Marching Around Jericho

Marching Around Jericho

Marching Around Jericho.

So the Israelites have finally reached the Promised Land after 40 years of wandering. Moses has died and his disciple Joshua has taken command of the Chosen People. “Joshua was filled with the Spirit of wisdom because Moses had laid his hands on him. The people of Israel listened obediently to Joshua and did the same as when God had commanded Moses.” (Deut. 34:10-12). God had earlier commissioned Joshua to take over the leadership of the Israelites, and now the time has come to take the Land.

The people of Israel came to the banks of the Jordan River, and, because it was the spring season, the water was moving too swiftly and was too high to cross safely. (Joshua 3). Per Yahweh’s instructions, Joshua had the priests carry the Ark of the Covenant into the River and stand there. Immediately the water stopped flowing, and made a bank of water upstream. As the Ark was held by the priests on the water bed, the people all crossed the river on dry ground. There wasn’t a wet foot in the whole company. Joshua then told the leaders to build a stone memorial to signify this historic moment, so the people would not forget this miracle.

In Joshua 5, their first big test was the gateway city to the Promised Land, Jericho. Jericho was perhaps the oldest and best fortified city in the ancient world, with walls as high as 30 feet and as thick as 12 feet made of sun-dried bricks. In fact, it was the first walled city in recorded history. Jericho was considered to be invincible, because its walls were strengthened with at least one massive stone tower. Jericho was not, though, a huge city. The city’s population was around 3,000 people, and it was only about 9 acres. It only took about 30 minutes to march around its perimeter. Joshua was commander of the Israelite army, and was waiting for his marching orders from Yahweh. While camping near the city, Joshua was confronted by a mysterious Man, who stood there with a sword drawn in His hand. (5:13-15). This Man identified Himself as the Commander of Yahweh’s army. Joshua immediately fell on his face before Him and worshiped Him. Joshua asked this Commander what He had to say to him, and the first thing this Man said was to take off his sandals, for they were standing on holy ground. By no means was this a typical angel. Joshua wouldn’t have worshiped an angel, and the angel wouldn’t have allowed that to happen. Holy ground only occurs in the presence of God Himself. This Commander was indeed Jesus Christ, ready to give the unusual battle plans to Joshua.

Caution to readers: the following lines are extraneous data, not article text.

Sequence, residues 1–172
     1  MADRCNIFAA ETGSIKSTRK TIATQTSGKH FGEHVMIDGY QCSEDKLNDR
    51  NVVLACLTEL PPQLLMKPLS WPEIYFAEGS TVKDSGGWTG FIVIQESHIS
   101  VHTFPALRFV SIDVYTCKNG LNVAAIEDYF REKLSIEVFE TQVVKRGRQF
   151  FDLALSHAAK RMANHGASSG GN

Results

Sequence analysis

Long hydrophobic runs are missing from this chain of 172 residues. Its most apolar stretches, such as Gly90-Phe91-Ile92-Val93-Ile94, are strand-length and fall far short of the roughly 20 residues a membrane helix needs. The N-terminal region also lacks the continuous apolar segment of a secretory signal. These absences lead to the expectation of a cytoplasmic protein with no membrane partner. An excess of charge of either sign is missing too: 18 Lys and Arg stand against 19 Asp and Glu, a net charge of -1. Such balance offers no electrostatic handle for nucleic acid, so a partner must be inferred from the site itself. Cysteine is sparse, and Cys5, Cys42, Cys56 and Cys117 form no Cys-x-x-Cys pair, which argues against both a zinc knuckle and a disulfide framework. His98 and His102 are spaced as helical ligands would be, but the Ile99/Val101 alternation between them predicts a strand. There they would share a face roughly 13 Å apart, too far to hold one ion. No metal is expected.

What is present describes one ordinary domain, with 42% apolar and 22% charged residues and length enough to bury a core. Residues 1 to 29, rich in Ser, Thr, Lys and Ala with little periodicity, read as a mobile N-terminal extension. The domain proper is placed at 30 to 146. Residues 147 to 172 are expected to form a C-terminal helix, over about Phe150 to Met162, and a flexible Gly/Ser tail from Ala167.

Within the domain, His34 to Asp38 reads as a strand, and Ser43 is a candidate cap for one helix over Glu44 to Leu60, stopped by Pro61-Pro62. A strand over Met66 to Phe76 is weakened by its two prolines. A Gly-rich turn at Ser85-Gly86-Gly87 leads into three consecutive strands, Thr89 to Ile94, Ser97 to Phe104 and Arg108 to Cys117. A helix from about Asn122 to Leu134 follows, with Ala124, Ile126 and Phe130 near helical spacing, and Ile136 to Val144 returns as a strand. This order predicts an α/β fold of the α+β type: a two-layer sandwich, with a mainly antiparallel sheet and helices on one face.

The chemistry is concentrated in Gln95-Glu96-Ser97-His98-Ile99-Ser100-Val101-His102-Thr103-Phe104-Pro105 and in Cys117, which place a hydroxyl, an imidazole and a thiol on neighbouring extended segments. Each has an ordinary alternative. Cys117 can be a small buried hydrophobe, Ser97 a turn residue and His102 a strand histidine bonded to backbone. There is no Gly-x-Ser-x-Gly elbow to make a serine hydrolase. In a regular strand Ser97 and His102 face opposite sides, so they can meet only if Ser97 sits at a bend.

As their conversation continued, “Yahweh said to Joshua, ‘See, I have given Jericho into your hand!” (6:2). And then the divine Commander Jesus, the Messenger of Yahweh, proceeded to lay out the head-scratching strategy for taking over Jericho. Joshua, filled with faith in this heavenly Commander, followed these instructions to the letter. With its dependence on the number 7, this is evidently the perfect battle plan:

… Have 7 priests, each bearing a shofar, march in front of the Ark of the Covenant, representing God’s presence. March around the city, continuously blowing the shofars, once a day for 6 days;

… On the 7th day, march around the city 7 times, with the priests blowing their shofars;

… At the 7th circuit around the city, Joshua will yell SHOUT!, and all the people will shout at the top of their lungs, and the walls will fall flat.

The Adventist Vocal Ensemble – Joshua Fit The Battle of Jericho – YouTube

 A word about the shofar: The blowing of the shofar signifies the historical importance of Abraham’s faith on Mt. Moriah, on which a ram was caught in the thicket and sacrificed in place of beloved son Isaac. The Jewish identity and imagination was fed and nurtured on this story, and no doubt thought of Abraham and Isaac every time they heard the priest blast his shofar. The cow’s horn was forbidden, because the Jewish worship of the golden calf was a major, embarrassing blemish in their family history. There seem to be four scriptural reasons given in ancient Israel to blow the shofar: to summon faithful believers to God’s presence; to sound a battle alarm at God’s command, such as the destruction of Jericho by Joshua and his crew; to anoint a new king; and finally, for specific ceremonies when the shofar was centrally featured, such a Rosh Hashanah (the Feast of the Trumpets in Psalm 81), and the arrival of the Jubilee every 50th year, when all debts were forgiven and all slaves were freed.

And the rest is history, biblical history. Jericho was routed, Joshua and his people defeated the once invincible city. Joshua the human commander had the faith needed to submit to the divine Commander. And the battle was won. As far as history is concerned, the ancient ruins of Jericho have been excavated, and the archeologists have commented that it appears the walls fell straight down into the ground. It’s as if the walls were pushed from above downward from some powerful force. Interesting.

Joshua Fit The Battle of Jericho / SPIRITUALS JAZZ ORCHESTRA – YouTube